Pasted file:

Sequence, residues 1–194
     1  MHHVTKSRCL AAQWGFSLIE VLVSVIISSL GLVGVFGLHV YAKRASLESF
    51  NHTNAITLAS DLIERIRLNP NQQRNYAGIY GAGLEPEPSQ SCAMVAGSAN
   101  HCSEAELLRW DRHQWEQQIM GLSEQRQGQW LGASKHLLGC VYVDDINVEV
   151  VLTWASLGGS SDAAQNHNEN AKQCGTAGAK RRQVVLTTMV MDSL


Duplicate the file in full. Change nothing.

Sequence, residues 1–194
     1  MHHVTKSRCL AAQWGFSLIE VLVSVIISSL GLVGVFGLHV YAKRASLESF
    51  NHTNAITLAS DLIERIRLNP NQQRNYAGIY GAGLEPEPSQ SCAMVAGSAN
   101  HCSEAELLRW DRHQWEQQIM GLSEQRQGQW LGASKHLLGC VYVDDINVEV
   151  VLTWASLGGS SDAAQNHNEN AKQCGTAGAK RRQVVLTTMV MDSL